Many believe that Foley did in fact tell summers that they would not be receiving an offer, but then reversed course early this week, after our initial post on Foley’s no offers went up. The thought from these tipsters is that the public backlash was so bad that Foley had to rethink their hiring decisions. Initially we found it hard to believe that a firm would have the gall to no offer somebody, only to call them up weeks later with an offer. But the tips kept rolling in.
We are happy (rolling around like a pig in sweet, sweet slop, happy) to think that ATL had some small role to play in securing additional summer associate jobs in this economy. But there are two sides to every story. Some tipsters think that Foley’s delay in completing the offer process is par for the course:
I just want to say that I know first hand that .. many people had not yet heard either way about offers. That is for both 1Ls and 2Ls. … I think you should update your main posting for the sake of all the comments calling b.s. on Ralf Boer’s statement that they only just finished making all the decisions. … I know for a fact first-hand that several people had yet to hear as of yesterday and even today.
On an historical note, right about now is exactly how long it took Foley to get back to many folks last year.
So did Foley ding people and then change their mind, or did they just take a long time to finish their hiring process? More tipsters weigh in after the jump.
The folks across the pond were fodder for posts yesterday on judicial fashion and invention of the Ipod. We return to news from the Brits with our lawyer of the day: Peter Fitzpatrick, a former partner at Muirhead Buchanan in Stirling, England.
Like disgraced Legal Aid attorney Peter Barta, Fitzpatrick wanted to catch a looksie at female colleagues in the buff. This peeping Peter was not as clever in hiding the camera though:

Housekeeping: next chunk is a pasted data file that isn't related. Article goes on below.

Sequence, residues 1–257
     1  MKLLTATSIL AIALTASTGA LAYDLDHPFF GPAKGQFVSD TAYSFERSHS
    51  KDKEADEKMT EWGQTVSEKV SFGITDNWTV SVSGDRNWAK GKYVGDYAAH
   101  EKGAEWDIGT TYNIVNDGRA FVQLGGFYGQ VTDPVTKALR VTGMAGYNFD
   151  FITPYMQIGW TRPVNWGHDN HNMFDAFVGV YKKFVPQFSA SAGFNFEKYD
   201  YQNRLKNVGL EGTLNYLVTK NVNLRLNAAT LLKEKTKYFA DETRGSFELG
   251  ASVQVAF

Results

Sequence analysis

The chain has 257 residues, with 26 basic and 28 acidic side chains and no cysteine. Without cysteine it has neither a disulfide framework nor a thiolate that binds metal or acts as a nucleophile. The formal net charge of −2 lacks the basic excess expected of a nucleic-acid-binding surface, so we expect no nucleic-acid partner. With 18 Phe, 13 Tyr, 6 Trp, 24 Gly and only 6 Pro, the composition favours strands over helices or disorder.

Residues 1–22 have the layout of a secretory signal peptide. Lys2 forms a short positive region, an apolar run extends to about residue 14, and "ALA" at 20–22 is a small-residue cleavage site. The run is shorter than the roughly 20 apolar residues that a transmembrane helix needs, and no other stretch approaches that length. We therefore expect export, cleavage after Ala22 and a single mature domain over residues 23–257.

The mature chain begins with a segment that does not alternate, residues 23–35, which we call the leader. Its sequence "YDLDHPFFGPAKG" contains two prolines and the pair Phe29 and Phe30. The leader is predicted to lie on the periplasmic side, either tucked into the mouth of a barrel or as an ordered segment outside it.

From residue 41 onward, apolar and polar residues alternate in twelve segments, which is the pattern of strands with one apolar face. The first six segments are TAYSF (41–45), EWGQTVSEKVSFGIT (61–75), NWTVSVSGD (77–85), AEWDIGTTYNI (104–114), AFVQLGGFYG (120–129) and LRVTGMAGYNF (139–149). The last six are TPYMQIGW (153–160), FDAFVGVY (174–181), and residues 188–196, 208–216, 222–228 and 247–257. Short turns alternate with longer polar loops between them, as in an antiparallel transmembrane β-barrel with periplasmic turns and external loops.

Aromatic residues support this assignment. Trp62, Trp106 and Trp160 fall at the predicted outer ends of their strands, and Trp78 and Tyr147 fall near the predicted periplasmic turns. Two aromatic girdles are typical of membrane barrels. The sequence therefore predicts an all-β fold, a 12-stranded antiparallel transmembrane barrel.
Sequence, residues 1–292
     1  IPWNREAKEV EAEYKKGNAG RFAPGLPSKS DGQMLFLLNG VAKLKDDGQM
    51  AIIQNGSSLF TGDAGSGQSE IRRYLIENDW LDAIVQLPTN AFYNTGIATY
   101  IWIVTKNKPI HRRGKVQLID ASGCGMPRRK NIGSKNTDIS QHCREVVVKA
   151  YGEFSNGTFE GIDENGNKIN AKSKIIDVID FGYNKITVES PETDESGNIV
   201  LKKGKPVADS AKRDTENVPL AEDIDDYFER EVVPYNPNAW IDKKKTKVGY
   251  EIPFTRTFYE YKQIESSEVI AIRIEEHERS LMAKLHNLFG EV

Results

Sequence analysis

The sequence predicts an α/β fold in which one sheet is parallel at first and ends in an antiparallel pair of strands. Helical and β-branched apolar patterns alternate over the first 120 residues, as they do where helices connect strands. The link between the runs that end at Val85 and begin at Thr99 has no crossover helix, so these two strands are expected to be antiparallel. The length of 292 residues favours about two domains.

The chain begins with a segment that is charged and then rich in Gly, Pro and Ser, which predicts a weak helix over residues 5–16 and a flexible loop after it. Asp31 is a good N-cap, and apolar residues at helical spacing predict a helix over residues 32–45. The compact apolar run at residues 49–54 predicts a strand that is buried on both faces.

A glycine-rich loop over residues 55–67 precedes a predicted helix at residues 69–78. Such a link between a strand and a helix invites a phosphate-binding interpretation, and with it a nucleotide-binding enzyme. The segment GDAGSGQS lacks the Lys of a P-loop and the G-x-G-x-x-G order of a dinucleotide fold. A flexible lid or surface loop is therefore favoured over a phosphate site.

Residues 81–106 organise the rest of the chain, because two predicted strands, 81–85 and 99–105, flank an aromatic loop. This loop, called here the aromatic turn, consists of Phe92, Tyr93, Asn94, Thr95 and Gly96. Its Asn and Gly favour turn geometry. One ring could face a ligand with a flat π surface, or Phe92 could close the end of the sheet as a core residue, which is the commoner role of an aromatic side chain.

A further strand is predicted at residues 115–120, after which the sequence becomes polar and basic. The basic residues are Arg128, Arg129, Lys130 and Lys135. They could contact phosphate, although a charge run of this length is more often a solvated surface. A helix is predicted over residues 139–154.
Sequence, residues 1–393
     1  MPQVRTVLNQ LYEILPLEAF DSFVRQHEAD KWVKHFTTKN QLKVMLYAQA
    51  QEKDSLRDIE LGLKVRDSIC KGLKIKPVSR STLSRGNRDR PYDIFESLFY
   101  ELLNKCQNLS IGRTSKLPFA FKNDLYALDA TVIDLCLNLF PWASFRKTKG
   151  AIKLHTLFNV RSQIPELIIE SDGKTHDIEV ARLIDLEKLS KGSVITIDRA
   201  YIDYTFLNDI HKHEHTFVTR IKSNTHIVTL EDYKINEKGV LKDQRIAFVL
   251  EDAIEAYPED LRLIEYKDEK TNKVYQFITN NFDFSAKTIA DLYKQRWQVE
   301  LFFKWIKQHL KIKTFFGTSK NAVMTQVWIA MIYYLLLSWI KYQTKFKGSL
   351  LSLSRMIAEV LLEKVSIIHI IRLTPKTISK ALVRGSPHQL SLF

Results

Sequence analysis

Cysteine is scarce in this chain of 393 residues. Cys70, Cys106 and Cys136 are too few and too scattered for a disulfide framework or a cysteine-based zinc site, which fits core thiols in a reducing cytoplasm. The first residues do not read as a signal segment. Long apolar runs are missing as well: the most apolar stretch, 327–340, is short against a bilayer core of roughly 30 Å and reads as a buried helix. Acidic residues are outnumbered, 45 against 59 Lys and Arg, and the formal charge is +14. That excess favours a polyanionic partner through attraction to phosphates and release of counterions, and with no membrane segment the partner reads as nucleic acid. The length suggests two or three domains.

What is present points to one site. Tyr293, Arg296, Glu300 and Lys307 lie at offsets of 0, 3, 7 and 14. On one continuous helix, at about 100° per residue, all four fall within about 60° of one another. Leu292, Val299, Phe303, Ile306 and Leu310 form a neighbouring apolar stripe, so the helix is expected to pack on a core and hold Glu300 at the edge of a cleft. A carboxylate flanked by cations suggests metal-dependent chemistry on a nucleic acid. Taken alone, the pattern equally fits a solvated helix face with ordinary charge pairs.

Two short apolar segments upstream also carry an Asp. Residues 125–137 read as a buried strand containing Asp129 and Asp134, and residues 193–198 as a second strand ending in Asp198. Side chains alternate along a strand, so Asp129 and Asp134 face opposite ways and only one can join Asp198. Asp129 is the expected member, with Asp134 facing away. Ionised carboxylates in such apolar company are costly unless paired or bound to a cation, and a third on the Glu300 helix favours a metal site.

[Fitzpatrick] was caught when a 24-year-old secretary noticed a circular hole had been cut in the side of one of several cardboard boxes in the [toilet] cubicle and was pointing towards the lavatory seat…
The sheriff, who has previously been criticised over controversial rulings, told Fitzpatrick, 49, that she could avoid imposing a jail sentence because any woman should have noticed the device…
Kate Mulligan, prosecuting, said a secretary noticed that one of the holes in one of the boxes had been enlarged. She added: “She picked it up and it felt heavy. On opening the box she found a video cassette recorder with a tape in it.”
Not too clever, Mr. Fitzpatrick. The judge ruled that the attempt was so bad it qualified as a cry for help, and gave him just three years probation.
But regardless, ladies, be warned. Watch out for mysteriously heavy cardboard boxes with holes that suddenly appear in the loo. Lawyer films women in lavatory with secret camera [Telegraph]
We were all told that we did really well and that “but for the economy,” we all would have received offers. When the no-offer phone calls came, we were told we had great reviews but that EAPD just couldn’t take us all on.
That sounds suspiciously honest. Everybody did fine and we’d like to hire all of you, but “hey kid, in case you haven’t noticed, the economy reeks like an upside-down port-o-potty — so what can we do?”
The “it’s not you, it’s me” line doesn’t even work in the movies, but in this case it seems strangely appropriate.
The EAPD no offer numbers, plus the firm’s official statement, after the jump.
[Ed. note: Sorry for the delay. We were experiencing some technical difficulties but now everything is under control. Wait, ... what? Even Nedry knew enough to not mess with the raptor fences. Dr. Arnold? Ahhhhhhh.]
* The investment bank Lehman Brothers fights to survive. [Washington Post]
* SCOTUS Justice Clarence Thomas says the Constitution is colorblind. [Breitbart]
* Yesterday, we told 1Ls not to bop their classmates. Here’s a lesson to judges and prosecutors: do not secretly get it on, and do not do it during an ongoing murder trial. [New York Times]
* “Cold Case: Civil Rights Era” is not going very well. [CNN]
* Gross legal news: Man sues American Airlines for losing his wife’s corpse. [WCBS TV via Drudge]
* For those of you who miss the flip phone, expect to see a clamshell Blackberry in stores soon. [Wall Street Journal (subscription)]
Too many tipsters to count have alerted us that Thelen appears to have canceled their 2009 summer associate program. People who had scheduled call backs with Thelen were informed this afternoon. As we understand it, this is a firm-wide decision affecting every office. We also believe Thelen has canceled all remaining OCI interviews.